An American company says it found evidence that a Chinese group attacked computers belonging to people and organizations in Cambodia.
U.S.-based security-research company FireEye reports one of the organizations targeted was Cambodia’s National Election Committee. It says the Chinese group also hacked computers belonging to Cambodia’s ministries of interior, foreign affairs and economics and finance.
In addition, FireEye says the hackers targeted a jailed opposition leader and his daughter, human rights activists, media organizations and two Cambodian diplomats overseas.
FireEye says it found that the targets were given corrupted computer files from an unsecured server operated by a hacking group called TEMP.Periscope.
Benjamin Read examined results of the investigation for FireEye. Read told the Associated Press (AP) the evidence suggested Chinese state involvement in the hacking. “They don’t go for credit card numbers or bank account numbers, they go for information that’s of use to a government,” he said.
“We expect this activity to provide the Chinese government with widespread visibility into Cambodian elections and government operations,” FireEye said in a statement.
Read added that the Chinese hackers used the same equipment and methods to target the Cambodian government as it has private companies. He said this suggests the Chinese government “doesn’t draw a line” between spying for political or business purposes.
In a statement, China’s foreign ministry said it did not have knowledge about TEMP.Periscope. It denied any involvement in hacking incidents.
Cambodians are preparing to vote in general elections on July 29. Rights groups have raised concerns about the fairness of the election process because of a series of actions by the government of Prime Minister Hun Sen.
Among the actions was a government ban on the country’s main opposition party and the jailing of its leader.
Cambodian officials accuse the National Rescue Party and its leader, Kem Sokha, of attempting to overthrow the government. But political observers and rights groups have said they believe the action was taken in an effort by Hun Sen’s government to stay in power.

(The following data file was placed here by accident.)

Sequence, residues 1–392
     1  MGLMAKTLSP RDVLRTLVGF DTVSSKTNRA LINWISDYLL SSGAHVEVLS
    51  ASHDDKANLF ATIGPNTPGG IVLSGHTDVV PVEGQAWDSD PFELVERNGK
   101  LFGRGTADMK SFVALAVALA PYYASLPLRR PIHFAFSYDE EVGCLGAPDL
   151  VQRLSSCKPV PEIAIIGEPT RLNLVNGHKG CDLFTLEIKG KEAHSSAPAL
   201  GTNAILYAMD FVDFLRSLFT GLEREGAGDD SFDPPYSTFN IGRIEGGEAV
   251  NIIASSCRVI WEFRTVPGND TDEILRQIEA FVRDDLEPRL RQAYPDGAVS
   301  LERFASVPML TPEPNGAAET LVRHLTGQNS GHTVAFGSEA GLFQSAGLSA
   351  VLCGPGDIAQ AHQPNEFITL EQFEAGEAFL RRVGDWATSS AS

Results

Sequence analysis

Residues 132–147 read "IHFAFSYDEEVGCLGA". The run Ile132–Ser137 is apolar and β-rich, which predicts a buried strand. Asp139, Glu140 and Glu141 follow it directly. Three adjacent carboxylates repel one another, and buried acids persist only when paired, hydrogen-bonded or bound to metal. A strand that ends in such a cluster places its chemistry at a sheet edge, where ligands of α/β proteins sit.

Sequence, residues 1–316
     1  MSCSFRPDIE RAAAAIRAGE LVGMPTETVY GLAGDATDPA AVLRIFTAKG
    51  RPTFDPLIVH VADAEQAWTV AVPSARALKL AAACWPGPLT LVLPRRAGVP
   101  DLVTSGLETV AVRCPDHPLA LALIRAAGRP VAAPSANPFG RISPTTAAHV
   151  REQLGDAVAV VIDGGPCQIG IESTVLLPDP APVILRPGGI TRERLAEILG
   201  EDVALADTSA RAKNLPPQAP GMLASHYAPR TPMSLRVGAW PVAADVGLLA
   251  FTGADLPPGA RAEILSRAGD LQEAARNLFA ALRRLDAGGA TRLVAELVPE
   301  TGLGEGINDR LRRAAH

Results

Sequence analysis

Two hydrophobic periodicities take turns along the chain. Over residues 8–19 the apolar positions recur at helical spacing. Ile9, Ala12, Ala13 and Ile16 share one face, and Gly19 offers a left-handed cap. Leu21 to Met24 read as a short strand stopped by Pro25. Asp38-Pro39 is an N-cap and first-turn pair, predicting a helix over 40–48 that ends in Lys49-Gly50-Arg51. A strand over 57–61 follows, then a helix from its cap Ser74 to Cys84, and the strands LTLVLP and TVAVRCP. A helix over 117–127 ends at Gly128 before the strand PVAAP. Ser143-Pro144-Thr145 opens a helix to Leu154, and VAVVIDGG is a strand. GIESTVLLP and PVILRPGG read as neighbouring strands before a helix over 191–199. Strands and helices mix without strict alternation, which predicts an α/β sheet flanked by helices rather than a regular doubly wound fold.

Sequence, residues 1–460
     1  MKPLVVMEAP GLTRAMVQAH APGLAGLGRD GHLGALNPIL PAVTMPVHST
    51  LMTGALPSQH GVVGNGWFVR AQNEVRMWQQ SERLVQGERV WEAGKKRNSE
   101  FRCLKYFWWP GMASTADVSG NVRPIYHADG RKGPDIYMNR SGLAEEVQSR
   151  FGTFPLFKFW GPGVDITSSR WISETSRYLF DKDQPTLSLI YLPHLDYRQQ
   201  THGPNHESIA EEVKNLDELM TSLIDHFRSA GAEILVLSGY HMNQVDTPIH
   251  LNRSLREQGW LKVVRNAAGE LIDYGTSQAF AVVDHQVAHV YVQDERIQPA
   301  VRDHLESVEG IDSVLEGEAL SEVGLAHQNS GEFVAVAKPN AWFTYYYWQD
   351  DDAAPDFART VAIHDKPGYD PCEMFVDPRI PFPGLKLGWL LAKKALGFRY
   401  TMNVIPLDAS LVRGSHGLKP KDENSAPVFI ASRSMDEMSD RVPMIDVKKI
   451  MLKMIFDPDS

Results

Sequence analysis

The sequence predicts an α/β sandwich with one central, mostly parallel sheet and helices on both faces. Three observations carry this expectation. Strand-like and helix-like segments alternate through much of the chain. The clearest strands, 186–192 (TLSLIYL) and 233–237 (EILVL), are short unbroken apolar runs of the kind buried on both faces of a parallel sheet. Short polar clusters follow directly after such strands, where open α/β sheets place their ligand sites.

Hun Sen has been a strong ally of China. He has ruled Cambodia for 33 years. FireEye did not provide specific evidence that TEMP.Periscope’s activities were providing support to Hun Sen’s ruling party before the elections.
One of the individuals targeted by the hackers was Monovithya Kem, a daughter of Kem Sokha. She told the Associated Press she repeatedly received emails that claimed to be from an activist working for a Cambodian non-profit group. The emails asked Monovithya Kem to open an attachment. FireEye said this was a trap, an attempt to gain control of her computer.
Monovithya Kem says she has been targeted by Cambodian hackers in the past. But she was shocked to learn that a Chinese group had attempted an attack this time.
“To know that a foreign group is specifically trying to get information from me - now that’s scary,” Kem told the AP from Washington, DC, where she is based. “What you’re dealing with is suddenly bigger,” she said.
FireEye says that in the past, it found evidence that TEMP.Periscope had sought maritime technology from businesses working on projects in the South China Sea.
The company said it expects the hacking group “to continue targeting a wide range of government and military agencies, international organizations, and private industry.”
I’m Bryan Lynn.
Bryan Lynn wrote this story for VOA Learning English, based on reports from the Associated Press and other sources. George Grow was the editor.
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Words in This Story
hack – v. to use technology illegally to get control of a computer to read information or spread a computer virus
visibility – n. the ability to see or be seen
draw – v. to create or make a picture of something
scary – adj. causing fear; frightening
specific – adj. special or particular
maritime – adj. of or related to the sea
range – n. a group or collection of different things or people that are usually similar in some way — usually singular — usually + of